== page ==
Beauregard installs new storm shelters
BEAUREGARD, Ala. (WTVM) - A deadly tornado ripped through East Alabama 4 years ago, killing 23 people in Beauregard.
Since then, the Lee County community has recovered from the physical damage...but officials recently added another safety measure they hope will keep people safe and also reduce anxiety when tornado watches and warnings are issued for the area.
A new storm shelter was installed this morning outside fire station number four just off Highway 51. Officials say the storm shelter provides a last-minute place for residents to find safety during any severe weather event.
“Weather has never bothered me. I’ve stood on a front porch near a storm. Now when tornado warnings are coming through, you treat it a little more different. You treat it more serious because of the lives lost that day,” said Beauregard Resident Brandon Baird.
Next month is the four-year anniversary of the 2019 Beauregard tornadoes that claimed 23 lives, and soon a community storm shelter will be available to people who live in this area.
Pastor Rusty Sowell is a also Member of the Beauregard Fire Department board of trustees, he said he will never forget the day disaster struck the community. He said the tornados came out of nowhere and a last-minute storm shelter was needed in the area.
“We know that not everybody hears the warnings initially, and we don’t want anyone to be caught in an unsafe manner, and to have this here to know its here, I think it’s going to speak volumes in regards to putting people at ease… particularly in this area where there were so many lives that were lost,” said Rusty Sowell.
The storm shelter is next to fire station four, just a couple of miles south of where the deadly tornadoes hit. The storm shelter can hold around 30 to 40 people sitting or standing. It has fans and an emergency exit.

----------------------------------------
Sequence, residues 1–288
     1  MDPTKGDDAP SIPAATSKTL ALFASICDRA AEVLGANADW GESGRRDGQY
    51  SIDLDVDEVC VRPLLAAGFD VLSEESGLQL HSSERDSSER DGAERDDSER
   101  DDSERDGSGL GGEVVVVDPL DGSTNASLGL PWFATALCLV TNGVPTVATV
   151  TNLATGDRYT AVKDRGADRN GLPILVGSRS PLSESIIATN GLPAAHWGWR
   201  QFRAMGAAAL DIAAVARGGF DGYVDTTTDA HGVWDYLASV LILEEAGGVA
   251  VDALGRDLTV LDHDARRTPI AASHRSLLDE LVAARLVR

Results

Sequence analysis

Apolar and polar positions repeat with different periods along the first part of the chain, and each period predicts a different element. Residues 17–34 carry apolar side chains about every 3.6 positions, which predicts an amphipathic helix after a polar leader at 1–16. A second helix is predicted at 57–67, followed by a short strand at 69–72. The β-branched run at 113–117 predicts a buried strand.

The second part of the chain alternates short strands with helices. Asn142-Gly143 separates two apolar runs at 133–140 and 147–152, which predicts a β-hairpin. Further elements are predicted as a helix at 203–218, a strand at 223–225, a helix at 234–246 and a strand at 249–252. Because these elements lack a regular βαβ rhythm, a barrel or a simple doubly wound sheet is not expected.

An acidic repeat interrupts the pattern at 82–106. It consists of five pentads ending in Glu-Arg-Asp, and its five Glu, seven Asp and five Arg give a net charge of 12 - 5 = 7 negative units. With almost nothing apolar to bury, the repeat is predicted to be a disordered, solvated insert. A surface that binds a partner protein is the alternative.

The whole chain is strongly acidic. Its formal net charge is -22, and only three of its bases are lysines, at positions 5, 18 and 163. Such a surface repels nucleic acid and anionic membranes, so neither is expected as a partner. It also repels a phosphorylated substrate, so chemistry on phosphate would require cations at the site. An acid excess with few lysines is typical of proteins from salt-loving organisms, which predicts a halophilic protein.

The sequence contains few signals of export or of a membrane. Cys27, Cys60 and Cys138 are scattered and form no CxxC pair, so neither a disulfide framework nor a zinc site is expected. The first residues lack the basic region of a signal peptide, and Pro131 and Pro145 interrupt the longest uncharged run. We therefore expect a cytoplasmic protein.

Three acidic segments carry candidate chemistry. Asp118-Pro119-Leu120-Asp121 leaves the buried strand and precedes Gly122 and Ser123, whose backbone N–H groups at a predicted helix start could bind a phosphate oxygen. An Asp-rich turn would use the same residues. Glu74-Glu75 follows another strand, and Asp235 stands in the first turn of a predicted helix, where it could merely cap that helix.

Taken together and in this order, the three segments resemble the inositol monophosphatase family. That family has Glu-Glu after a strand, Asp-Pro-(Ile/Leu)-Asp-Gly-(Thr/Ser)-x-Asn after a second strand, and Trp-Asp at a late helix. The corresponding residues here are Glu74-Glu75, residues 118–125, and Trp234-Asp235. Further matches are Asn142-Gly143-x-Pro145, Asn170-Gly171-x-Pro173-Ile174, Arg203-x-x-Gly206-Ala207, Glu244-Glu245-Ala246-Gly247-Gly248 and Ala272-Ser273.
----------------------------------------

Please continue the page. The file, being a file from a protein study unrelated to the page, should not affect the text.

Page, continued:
Beauregard Resident Brandon Baird said he can still picture the aftermath of the storm and community members trying to find their loved ones.…
“It was a perfect example of a storm that blew up out of nowhere, and there wasn’t a lot of notice. I know a lot of people in this area live in mobile homes and so for them to have a secure place that they can go a know that in this type of event again, they can feel safe,” said Baird.
Sowell said if any future events were to take place, he wanted to make sure the Beauregard residents were safe.
“We don’t want to forget. We don’t want to forget the ones that died, the ones that were hurt, and we don’t want to forget the ones that helped us when we couldn’t help ourselves,” said Sowell.
It is not officially open to the public yet as they are still working on some final touches, but an official ribbon cutting will be on the anniversary of the tornado next month.
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